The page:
Another champion in the microloan cause has been Working Capital. Based in Cambridge, Massachusetts, this organization was founded in 1990 by former Peace Corps volunteer Jeffrey Ashe. Still one of the largest microcredit programs in the U.S. (and the largest in the peer group lending category), Working Capital focuses on providing group-level assistance, credit, training, and technical aid to low-income entrepreneurs. Working Capital has assisted about 5,000 individuals since its inception. Its loans range from about $500 to $20,000, and it has extended more than $3.1 million in loans. Their repayment rate is better than 90 percent.
In 1997, there were at least sixty-five nations with programs similar to Grameen. In Oklahoma, microcredit initiatives are helping to reduce alcoholism, thanks to Cherokee Nation's Chief Wilma Mankiller. In Chicago, programs are helping unwed moms go off welfare. In Uganda, microentrepreneurs are better able to tend to the food, housing, education, and medical needs of AIDS orphans. In South Africa, microcredit has enabled many to set up their own small businesses selling wares and is perceived there as a powerful tool to combat the high rate of unemployment.
The Microlending Movement Today
Most microcredit programs have been instrumental in improving entrenched societal ills associated with poverty.
While the human factor list of "success" stories abound from many corners of the world, the balance sheet isn't yet showing any U.S. microlending organizations that are breaking even.
In his book, Bornstein notes that some bankers "shunned" comparisons with the Grameen model because they saw little in common between a U.S.-based and a Bangladesh microenterprise. Many others thought it was too early to get into financial measurements and that attention to profits developed false expectations of donors and put unnecessary burdens on loan administrators and clients. "Instead, microbankers defended their program costs by 1) framing the issue in terms of social justice, and 2) posing the question: What is the cost of not providing these services?"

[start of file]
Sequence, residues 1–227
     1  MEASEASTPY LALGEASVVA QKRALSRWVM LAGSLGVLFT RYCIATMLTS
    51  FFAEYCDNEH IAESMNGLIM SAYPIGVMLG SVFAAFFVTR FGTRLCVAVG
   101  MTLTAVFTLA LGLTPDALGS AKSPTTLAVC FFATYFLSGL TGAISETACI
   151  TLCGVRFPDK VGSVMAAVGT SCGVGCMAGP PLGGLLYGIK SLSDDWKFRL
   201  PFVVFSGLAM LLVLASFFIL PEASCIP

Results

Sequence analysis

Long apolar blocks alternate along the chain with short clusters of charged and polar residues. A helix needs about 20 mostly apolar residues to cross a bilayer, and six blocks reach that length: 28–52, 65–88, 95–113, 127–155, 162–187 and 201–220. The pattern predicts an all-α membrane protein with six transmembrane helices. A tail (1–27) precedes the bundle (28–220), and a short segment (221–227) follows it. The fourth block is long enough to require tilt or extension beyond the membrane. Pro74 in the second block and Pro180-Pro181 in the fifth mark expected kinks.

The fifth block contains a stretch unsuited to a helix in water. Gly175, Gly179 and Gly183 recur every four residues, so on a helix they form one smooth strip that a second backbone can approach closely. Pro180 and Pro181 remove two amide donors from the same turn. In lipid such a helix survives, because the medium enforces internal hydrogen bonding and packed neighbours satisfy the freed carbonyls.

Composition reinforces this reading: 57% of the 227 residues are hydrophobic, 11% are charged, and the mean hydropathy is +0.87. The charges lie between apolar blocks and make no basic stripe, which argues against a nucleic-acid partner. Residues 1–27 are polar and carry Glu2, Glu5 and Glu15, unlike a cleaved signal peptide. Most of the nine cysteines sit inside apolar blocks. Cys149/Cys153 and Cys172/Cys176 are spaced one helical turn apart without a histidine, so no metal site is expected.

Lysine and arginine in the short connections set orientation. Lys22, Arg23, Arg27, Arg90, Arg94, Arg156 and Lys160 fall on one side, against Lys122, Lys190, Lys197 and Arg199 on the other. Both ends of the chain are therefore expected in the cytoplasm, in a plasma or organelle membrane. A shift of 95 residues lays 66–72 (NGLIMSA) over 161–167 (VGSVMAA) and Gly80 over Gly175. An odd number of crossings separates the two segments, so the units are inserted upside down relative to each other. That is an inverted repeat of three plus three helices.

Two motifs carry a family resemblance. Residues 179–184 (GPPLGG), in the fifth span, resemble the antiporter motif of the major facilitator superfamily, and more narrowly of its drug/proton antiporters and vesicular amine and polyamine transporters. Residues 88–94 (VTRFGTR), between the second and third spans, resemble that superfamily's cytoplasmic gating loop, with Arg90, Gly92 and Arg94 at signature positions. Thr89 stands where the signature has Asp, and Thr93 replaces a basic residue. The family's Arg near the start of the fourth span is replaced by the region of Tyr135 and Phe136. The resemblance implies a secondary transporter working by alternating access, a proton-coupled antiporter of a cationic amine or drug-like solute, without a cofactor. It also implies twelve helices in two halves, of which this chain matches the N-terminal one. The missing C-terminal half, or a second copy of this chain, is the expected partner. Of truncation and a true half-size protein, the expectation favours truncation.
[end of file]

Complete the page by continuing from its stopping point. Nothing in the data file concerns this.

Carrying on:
Today, four years after The Price of a Dream was published, Bornstein sees the picture differently. "My views on the importance of financial sustainability have changed," he says. "I think it's more important now for an idea to be politically sustainable. Many necessary programs will never make profits. But we have to think about spreading the concepts so more people understand their importance -- not just trying to make everything fit into the strict economic model."
Refreshing? I think so. Well, then, I asked, "what's your assessment of the climate in the more traditional financial community about microlending? Is there greater acceptance or are the skeptics still rampant?"
"Microlending has become a very well established feature of development efforts. There's no debate about that," says Bornstein. "What there is debate about is how much microlending has to be supported by other interventions, such as training, market supports, regulatory support, advocacy, infrastructure development, and so forth. And also to what extent it can be focused on the very poor vs. the moderate poor. People argue about things like appropriate interest rates and how many subsidies it requires. But financial institutions from the World Bank to local banks now see this as a good anti-poverty approach -- they're not looking to make profits in it. But there's still no approach that has demonstrated the ability to create employment for so many people so quickly, especially in the developing world."